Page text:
There are a lot of little projects on my list that I put into the “you know, sometime I should… ” category. This area of the house fell squarely into that section of my list. Every time I saw it I would say, you know, I should build a different console table for the TV, because this just doesn’t look right…
Now, TV’s obviously aren’t my thing. This one isn’t hooked up to any kind of antenna or cable or dish, so it gets literally zero channels. Sometimes I put a DVD in and watch it on the TV though, which is basically the sum total of its use in my house. But one thing I do know is that spatially, this makes no sense.
It’s too high, too narrow, too deep.
When something starts driving me a little nuts every time I look at it, I start to ask some questions. Does something similar to what I want for this space already exist? Would it be easy to make? How much would I be investing of my time versus how much it costs?
I figured I could do this pretty quick and pretty cheap (like, for zero dollars) and building a console table would give me a good opportunity to grab some pictures on using pocket screws for one of my posts on Lifehacker, so win-win. (I’m doing a Joinery 101 series over there, if you’re interested… we’ve covered pocket screws, the old glue-and-clamp method, and dowels so far.)
So, this project hit the critera for something I should DIY, and a few weeks ago I posted about how quickly I built the frame. This was basically a half-day project, but, of course, finishing up the last 5% of it took me weeks. However, after an ill-advised attempt to “wind down” before bed by shutting off the computer and then single-handedly moving all kinds of furniture around (does not help wind a person down, by the way) I can finally call this project finished.
I should have done this project months ago.
If you’re wondering about the actual building of this thing, here’s my take on why building projects like this are so easy.
First, I’ve got the wood. I don’t have to do any searching, shopping, or hauling, because I have a veritable lumber yard worth of old wood in my barn. It’s the kind of wood that is good for some projects, and not for others though.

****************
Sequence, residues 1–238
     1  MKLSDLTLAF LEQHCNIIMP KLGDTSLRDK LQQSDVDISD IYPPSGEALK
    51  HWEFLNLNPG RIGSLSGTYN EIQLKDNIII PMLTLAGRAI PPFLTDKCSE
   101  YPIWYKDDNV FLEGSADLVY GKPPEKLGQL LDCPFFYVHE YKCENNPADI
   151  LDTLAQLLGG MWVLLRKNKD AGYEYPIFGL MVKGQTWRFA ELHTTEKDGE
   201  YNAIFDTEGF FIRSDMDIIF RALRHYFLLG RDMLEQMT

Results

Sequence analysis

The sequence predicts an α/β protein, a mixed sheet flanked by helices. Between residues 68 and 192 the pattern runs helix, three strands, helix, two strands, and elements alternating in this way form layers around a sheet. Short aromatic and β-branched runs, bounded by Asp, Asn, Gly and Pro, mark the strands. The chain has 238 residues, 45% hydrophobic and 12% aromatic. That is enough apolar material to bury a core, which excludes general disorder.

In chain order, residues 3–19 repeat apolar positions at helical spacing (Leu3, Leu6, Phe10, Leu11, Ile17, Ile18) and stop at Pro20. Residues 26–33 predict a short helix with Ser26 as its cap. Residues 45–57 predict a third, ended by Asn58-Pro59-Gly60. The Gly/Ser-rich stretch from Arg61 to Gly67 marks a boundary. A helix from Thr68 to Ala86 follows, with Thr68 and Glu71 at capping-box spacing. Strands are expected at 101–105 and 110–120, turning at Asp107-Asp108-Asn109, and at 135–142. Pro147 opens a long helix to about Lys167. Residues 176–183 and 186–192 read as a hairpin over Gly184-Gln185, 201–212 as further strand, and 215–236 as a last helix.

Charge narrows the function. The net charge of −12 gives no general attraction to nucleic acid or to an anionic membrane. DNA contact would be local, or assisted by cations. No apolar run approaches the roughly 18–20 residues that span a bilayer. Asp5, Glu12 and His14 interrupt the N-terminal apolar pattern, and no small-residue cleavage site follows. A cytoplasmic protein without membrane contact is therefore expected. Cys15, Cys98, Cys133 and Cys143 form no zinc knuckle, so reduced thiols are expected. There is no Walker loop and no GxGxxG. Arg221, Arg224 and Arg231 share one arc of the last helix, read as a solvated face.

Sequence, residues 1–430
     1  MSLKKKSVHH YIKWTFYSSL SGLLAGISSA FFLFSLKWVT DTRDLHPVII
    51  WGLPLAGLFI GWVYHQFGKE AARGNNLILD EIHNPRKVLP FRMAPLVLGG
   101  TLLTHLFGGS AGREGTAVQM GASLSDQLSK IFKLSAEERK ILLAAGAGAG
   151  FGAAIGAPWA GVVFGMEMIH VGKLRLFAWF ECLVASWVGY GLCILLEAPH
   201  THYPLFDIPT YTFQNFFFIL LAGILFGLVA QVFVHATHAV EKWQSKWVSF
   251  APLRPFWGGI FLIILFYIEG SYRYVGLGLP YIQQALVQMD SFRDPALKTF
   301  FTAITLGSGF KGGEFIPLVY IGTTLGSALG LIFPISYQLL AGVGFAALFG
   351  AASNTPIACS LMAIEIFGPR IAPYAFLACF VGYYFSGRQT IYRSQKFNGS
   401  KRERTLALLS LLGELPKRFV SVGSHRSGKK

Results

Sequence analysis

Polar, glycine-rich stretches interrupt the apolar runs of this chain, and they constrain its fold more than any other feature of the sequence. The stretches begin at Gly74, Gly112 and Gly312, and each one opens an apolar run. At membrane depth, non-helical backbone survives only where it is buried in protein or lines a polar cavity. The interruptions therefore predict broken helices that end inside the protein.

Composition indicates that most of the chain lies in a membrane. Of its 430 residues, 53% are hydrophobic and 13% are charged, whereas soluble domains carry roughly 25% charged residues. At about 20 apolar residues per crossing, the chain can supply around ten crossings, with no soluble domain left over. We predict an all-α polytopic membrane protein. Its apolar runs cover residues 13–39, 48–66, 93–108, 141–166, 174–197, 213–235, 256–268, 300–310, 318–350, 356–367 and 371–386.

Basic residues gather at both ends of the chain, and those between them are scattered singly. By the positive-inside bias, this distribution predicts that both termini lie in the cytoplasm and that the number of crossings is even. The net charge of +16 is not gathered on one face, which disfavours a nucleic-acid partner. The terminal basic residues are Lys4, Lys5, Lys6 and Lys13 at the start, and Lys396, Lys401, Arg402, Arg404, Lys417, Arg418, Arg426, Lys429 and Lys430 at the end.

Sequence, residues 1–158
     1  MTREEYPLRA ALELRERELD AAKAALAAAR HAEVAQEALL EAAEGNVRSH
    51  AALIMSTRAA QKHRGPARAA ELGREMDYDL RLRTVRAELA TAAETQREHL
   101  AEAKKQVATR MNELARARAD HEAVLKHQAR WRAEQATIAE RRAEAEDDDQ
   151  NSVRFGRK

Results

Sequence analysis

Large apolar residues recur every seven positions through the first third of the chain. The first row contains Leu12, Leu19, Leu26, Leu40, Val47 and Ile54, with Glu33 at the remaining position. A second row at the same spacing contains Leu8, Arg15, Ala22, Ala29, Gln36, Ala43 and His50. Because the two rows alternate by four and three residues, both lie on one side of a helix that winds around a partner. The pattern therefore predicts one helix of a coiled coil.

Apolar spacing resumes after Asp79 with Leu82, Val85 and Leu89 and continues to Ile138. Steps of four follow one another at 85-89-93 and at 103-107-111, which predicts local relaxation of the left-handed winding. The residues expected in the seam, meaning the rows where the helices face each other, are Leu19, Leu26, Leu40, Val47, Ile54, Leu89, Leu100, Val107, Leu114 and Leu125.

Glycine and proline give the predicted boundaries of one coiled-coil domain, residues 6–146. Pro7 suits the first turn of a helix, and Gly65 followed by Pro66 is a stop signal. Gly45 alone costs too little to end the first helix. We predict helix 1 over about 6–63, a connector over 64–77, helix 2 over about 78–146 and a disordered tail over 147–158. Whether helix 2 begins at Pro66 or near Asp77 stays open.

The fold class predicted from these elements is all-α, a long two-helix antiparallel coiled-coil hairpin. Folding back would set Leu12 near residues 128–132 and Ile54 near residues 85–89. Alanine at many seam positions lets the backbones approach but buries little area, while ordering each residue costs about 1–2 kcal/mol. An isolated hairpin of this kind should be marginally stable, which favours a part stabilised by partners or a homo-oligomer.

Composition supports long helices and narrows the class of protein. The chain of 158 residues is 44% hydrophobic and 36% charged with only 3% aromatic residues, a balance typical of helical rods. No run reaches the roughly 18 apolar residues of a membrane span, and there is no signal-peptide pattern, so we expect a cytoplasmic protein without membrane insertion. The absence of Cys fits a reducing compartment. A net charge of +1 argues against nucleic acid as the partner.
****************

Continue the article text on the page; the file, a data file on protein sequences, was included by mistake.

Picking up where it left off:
Second, I use the same basic layout for a lot of tables. Take a look at my indoor workbench…
Basically the exact same construction as the console table, the dimensions are just a bit different…
It consists of the four legs (4×4 or greater) all cut to equal lengths, four stretchers for the width (two for the top and two for the bottom shelf)…
And four stretchers for the sides (again, two for the top, two for the bottom shelf)
You’ll notice that I use pocket screws, which are the quickest and easiest method of joinery I’ve ever used. There’s no screwing around with glue, or clamping everything and waiting for it to dry. Those methods have their place too, but for this specific type of building, pocket screws let me assemble things fast.
Also, if you look at this picture again, you’ll see that I found some scrap wood and used it to create a “relief” for the stretchers (meaning they are offset back from the edge of the legs a bit.)
Using scrap for something like that makes it easy, no measuring or lining things up to fuss with.
At this point in the build I’ve now basically only needed to “measure” three things (I just measure the length for the legs once, and then set the guards on my miter saw so I can just lay the next piece of wood against it and cut to exactly the same length), then I line them up and install the pocket screws…
And the thing is more than half-done at this point. Sanding and staining this piece probably took twice the time that actually building it did.
When I finished up “for the day” a few weeks ago I just needed to build the bottom shelf and put a finish on everything.
Turns out there was nothing I wanted to to less than try to find some boards to fit flush into the space for the bottom shelf, but I also wanted this thing finished up, so I went with my old stand-by… slats.
I just ripped a random board in half…
Sanded them down and cut them into slats. Then eyeballed the spacing (and took a very fuzzy picture of it.)
Everything got attached (a couple of finish nails driven through the slats on an angle) and I used some leftover Fabulon Satin poly (from my floors) to finish it off…
Of all the poly finishes I’ve used, this is my absolute favorite. There’s no sheen to the finish at all, and it looks great on my floors. (There’s only one place I know of to get it near me, and I literally drive a hour for it every time.)
This is pre-drying, so it looks a little shiny, but I didn’t take any pictures after it dried, except this one.
For me, this type of project is a testament to how easy things can be if you have the right tools, space, and materials on hand. It’s actually one of the reasons I’ve been stocking up more on lumber recently… taking the two-hours out of my day to drive to the store on the weekend is one of those things that stalls out my entire day, and I’ve got plenty of space to store materials.
And almost more exciting than having the console table done is that I get to check it off my list (something I’m trying to do a lot more of before winter hits.)